The early lighthouse’s original Fresnel lens that was used for almost 100 years is there for viewing.
The town hall in Vineyard Haven has large murals painted by Stanley Murphy, a vineyard artist who captured the people, landscapes, and flowers of the island for 60 years.
These murals depict the island’s history. One large wall shows Moshup catching a whale and teaching his people about the land and sea.
Beach Plum Bushes
It is hard to separate the land and the sea while on the island. In May, the drive up-island on Moshup Trail passes an expanse of dunes covered with beach plum bushes in white bloom that will later produce fruit to be made into beach plum jelly.
Dramatic glimpses of the blue sea forms the horizon line beyond, while occasional hawks float above, yellow finches catch the golden light and cranberry bogs await a celebration and harvest in the same ancient way.
Every fall, the tribe celebrates Cranberry Day. Children are excused from school, and it is a day of harvesting, much as it was in the past with scoops and long handle rakes.
It is a day filled with storytelling of past legends, dance, and traditional foods to celebrate and give thanks to the land. There’s a revitalization for oyster farming.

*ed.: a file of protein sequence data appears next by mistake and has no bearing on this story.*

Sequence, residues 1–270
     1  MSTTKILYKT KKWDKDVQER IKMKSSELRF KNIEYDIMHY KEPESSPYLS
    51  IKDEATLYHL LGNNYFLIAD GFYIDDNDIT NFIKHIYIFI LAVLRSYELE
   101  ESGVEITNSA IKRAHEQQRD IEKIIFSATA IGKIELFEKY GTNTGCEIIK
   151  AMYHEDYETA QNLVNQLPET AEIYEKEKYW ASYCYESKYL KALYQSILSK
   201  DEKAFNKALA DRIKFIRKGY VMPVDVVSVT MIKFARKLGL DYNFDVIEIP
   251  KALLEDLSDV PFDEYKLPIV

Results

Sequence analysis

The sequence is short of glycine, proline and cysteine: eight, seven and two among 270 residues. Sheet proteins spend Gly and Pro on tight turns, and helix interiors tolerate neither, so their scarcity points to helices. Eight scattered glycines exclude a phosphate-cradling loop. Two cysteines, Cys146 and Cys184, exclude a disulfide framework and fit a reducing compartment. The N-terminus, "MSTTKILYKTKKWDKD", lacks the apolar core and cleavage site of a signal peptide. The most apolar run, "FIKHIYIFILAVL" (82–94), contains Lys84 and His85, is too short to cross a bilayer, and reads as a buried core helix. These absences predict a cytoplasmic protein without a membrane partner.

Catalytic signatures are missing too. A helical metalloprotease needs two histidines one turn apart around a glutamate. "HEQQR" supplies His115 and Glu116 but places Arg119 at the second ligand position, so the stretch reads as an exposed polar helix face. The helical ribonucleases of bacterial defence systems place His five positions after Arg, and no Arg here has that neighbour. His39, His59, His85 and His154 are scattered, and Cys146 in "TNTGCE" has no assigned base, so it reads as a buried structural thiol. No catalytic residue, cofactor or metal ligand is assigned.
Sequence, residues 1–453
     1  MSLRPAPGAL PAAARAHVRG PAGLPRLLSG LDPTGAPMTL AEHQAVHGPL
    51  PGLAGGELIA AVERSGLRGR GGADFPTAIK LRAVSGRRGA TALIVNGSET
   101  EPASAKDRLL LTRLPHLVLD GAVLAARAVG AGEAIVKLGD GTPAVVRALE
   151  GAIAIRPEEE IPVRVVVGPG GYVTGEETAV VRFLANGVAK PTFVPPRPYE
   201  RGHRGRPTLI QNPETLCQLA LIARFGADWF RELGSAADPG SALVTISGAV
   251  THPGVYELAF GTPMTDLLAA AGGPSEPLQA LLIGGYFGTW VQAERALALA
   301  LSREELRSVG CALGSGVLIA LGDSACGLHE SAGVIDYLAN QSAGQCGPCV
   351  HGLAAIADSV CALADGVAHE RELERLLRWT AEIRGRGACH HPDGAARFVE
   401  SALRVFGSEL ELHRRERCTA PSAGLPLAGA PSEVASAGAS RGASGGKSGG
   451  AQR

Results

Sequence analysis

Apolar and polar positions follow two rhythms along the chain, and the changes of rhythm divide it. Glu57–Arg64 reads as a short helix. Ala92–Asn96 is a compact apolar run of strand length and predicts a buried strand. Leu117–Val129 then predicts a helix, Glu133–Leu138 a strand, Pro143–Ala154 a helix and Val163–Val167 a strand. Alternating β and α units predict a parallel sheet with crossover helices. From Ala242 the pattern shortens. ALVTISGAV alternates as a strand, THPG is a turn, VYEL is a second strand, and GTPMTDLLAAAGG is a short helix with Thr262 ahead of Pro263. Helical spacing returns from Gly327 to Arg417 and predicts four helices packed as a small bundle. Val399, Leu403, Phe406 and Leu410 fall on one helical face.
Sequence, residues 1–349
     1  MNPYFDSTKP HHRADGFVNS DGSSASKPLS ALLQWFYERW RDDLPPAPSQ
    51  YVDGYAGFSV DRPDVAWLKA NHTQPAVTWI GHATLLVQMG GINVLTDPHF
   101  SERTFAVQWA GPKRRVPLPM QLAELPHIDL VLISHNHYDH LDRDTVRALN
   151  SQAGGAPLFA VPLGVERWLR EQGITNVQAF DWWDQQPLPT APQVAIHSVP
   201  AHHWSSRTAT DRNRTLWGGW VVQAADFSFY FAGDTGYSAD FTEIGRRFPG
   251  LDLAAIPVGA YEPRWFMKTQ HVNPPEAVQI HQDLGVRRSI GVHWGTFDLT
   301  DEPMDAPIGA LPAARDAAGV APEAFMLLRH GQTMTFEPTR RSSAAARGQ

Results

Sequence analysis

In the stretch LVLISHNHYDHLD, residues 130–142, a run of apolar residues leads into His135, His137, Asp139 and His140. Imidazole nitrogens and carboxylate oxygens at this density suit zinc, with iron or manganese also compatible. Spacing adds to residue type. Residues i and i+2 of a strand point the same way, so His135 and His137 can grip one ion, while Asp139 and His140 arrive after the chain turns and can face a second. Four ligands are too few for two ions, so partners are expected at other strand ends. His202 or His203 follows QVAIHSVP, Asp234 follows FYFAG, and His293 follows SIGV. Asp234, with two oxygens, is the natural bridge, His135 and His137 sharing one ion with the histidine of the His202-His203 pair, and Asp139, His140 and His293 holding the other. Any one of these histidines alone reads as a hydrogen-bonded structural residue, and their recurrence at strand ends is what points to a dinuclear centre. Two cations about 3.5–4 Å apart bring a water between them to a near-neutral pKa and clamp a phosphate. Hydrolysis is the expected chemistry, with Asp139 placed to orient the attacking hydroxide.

The Farm Institute is another “link to the land.” Its mission is to reconnect children and adults to the land, animals and each other with hands-on experience at its teaching farm.
Sustainable agriculture is taught through the culture and history of farming on Martha’s Vineyard through land preservation and nutritional awareness.
Activities range from planting gardens, caring for chickens and collecting eggs, caring for animals (cattle, poultry, pigs, sheep, and goats) and learning about nutritional awareness and land stewardship. The public is welcome. The vibe is great and the farm stand sells its local, organic vegetables and grass fed meat.
There are other teaching farms. Native Earth in Chilmark also has programs about sustainability and classes such as yarn dying with indigenous material.